“I urge…that requests, prayers, intercession and thanksgiving be made for everyone—for kings and all those in authority.” 1 Timothy 2:1-2
Don’t forget to vote!
We have all heard that call to good citizenship. But beyond being a good citizen, being a good follower of Jesus means that we don’t forget to pray for our leaders. When we do pray, it just may make a difference in our own lives!
I don’t know how you feel about the people in authority over you, but if you’re like me, praying for them may not be your first impulse. There are plenty of leaders I would rather vote out of office than pray for! Yet according to 1 Timothy 2:1-2, we are to include them on our prayer list on a regular basis. We may not have “kings” who rule over us, but all of us can name people who qualify as “those in authority”—government officials, police officers, supervisors, parents, teachers, and a host of others who can pull rank on us.
Sometimes it’s hard to know how to pray for them, especially if we don’t know them personally. But we can start by praying for what they need. Every leader could use an extra dose of God’s wisdom for the challenges and decisions they face. In addition to wisdom, we should pray for integrity—for honesty and uprightness in their actions and freedom from deceit. Pray that they would have a genuine commitment to doing what is best for those who are under their authority. Ask God to give them humility that will enable them to use their power not for their own gain but for the good of the people. Pray that godly people will be in their circle of influence. Pray that they will come to know Christ as Savior.
But our text alerts us to the fact that praying for those in authority is not the end of the line. We ourselves are standing in the need of prayer as well.
First, we are called to pray for “peaceful and quiet lives” that are marked by “godliness and holiness” (1 Timothy 2:2). If we pray for our leaders and pursue these character qualities in our own lives, we just might make some progress—and in turn make a marked difference on our society and on our leaders as well.
Second, when we pray for those in authority over us, it serves to remind us that they are under God’s authority. And, just as they are under God’s authority, so must our lives be under His authority as well. When we are irritated that others don’t lead as people under the authority of His righteousness, we should think about how He must feel when we don’t live under His authority in the choices we make and attitudes we express. And remembering that He is the ultimate ruler reminds us that our hope is not in earthly “kings” but in the King of kings, who alone has power and authority over even the most powerful rulers.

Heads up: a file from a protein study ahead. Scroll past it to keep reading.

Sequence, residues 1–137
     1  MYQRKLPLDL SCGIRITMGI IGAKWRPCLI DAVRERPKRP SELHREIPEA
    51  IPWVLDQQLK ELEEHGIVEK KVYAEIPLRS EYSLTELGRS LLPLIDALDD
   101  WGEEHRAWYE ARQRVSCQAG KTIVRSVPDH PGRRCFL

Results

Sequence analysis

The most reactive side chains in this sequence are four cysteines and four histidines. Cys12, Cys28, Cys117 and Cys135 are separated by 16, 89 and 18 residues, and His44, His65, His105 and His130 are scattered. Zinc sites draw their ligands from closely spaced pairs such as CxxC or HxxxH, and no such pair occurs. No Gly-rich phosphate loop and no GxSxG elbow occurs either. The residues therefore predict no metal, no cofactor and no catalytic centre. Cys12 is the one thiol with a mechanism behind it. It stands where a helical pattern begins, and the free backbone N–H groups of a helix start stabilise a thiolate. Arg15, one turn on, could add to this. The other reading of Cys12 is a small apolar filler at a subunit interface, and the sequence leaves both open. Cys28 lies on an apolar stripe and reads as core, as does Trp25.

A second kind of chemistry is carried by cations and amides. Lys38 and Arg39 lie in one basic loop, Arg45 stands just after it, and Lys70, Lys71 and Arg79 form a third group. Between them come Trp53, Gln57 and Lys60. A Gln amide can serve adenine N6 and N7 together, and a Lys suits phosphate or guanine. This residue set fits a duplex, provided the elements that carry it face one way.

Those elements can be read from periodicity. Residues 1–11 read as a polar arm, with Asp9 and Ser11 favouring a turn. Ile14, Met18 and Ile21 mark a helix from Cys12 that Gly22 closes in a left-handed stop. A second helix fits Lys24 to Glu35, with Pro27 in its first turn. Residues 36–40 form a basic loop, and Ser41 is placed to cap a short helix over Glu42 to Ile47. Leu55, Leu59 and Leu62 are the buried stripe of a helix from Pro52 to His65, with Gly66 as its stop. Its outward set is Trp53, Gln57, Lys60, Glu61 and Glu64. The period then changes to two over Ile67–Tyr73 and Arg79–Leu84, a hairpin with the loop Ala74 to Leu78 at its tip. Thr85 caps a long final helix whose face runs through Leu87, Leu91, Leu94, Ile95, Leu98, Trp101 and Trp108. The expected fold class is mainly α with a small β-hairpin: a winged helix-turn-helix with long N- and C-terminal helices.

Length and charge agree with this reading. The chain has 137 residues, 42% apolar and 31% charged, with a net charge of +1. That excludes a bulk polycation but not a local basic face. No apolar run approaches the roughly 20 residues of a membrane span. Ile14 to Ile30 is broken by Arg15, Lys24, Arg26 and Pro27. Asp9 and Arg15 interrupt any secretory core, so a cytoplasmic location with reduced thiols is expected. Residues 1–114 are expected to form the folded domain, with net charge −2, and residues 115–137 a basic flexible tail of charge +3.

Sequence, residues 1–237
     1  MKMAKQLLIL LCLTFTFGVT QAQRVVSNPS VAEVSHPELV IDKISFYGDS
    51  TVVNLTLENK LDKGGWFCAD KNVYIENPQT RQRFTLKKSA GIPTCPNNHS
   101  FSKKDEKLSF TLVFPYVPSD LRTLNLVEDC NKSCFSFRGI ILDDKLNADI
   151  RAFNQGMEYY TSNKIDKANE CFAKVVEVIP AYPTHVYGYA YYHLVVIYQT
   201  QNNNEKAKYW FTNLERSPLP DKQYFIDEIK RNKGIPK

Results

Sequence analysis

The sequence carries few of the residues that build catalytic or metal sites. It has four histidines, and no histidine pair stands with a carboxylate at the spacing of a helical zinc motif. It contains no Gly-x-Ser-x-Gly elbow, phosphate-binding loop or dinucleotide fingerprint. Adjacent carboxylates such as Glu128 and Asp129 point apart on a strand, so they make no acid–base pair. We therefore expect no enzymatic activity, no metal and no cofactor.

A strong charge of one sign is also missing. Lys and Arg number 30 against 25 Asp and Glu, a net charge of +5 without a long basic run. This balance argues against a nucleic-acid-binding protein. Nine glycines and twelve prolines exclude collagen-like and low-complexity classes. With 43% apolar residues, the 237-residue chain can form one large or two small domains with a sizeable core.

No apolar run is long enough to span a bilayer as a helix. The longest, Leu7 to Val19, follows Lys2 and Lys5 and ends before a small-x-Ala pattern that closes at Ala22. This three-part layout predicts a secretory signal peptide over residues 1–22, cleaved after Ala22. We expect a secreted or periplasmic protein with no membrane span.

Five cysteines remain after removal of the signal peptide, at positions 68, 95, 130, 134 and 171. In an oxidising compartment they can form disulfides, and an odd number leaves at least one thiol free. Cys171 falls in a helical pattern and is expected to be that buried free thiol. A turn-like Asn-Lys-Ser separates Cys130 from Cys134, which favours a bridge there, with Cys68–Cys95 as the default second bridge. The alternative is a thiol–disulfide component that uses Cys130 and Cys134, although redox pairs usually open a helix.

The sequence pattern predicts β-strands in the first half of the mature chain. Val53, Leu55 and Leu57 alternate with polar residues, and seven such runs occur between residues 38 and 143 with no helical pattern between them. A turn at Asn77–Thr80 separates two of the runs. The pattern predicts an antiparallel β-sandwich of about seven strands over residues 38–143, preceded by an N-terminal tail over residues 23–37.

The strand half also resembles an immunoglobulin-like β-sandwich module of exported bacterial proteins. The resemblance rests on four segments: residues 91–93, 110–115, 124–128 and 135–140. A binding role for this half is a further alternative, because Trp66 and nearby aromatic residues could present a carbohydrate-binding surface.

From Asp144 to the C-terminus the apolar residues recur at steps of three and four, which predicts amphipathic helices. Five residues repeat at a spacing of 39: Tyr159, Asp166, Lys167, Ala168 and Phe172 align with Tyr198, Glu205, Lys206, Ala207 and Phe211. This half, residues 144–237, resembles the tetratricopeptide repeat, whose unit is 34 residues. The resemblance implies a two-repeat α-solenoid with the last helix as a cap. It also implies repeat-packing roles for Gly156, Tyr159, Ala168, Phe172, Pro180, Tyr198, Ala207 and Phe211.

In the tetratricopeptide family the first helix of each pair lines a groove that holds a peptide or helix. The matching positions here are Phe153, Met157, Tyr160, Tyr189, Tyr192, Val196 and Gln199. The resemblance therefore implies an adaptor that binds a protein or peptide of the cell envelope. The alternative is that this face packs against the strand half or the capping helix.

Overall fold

Connect the dots! When we recognize that Jesus is the only One who can make a difference in the lives of our leaders, it should stir our hearts to pray for them.
And, as we pray for them, our hearts just may be stirred to focus on the needs of our own lives. Wouldn’t it be wonderful if, through prayer, Jesus would change the hearts of those leaders? Wouldn’t it be a wonderful thing if, through prayer, Jesus would change your heart and my heart? So, don’t forget to vote. And, more importantly, don’t forget to pray!
- Make a list of the leaders in your life. Ask the Lord to reveal some prayer points for those people, and commit to praying for them on a regular basis.
- As a result of his bold witness for Christ, Paul had significant interaction with those in authority over him. Read the book of Acts chapters 22–26, and learn from Paul’s example.
- What was the exchange between Paul and King Agrippa in Acts 26:28-29? Have you ever prayed for your leaders like that?
- Look for some ways to actively demonstrate your prayer support for leaders. Organizations such as the National Day of Prayer (www.ndptf.org) can help you get started.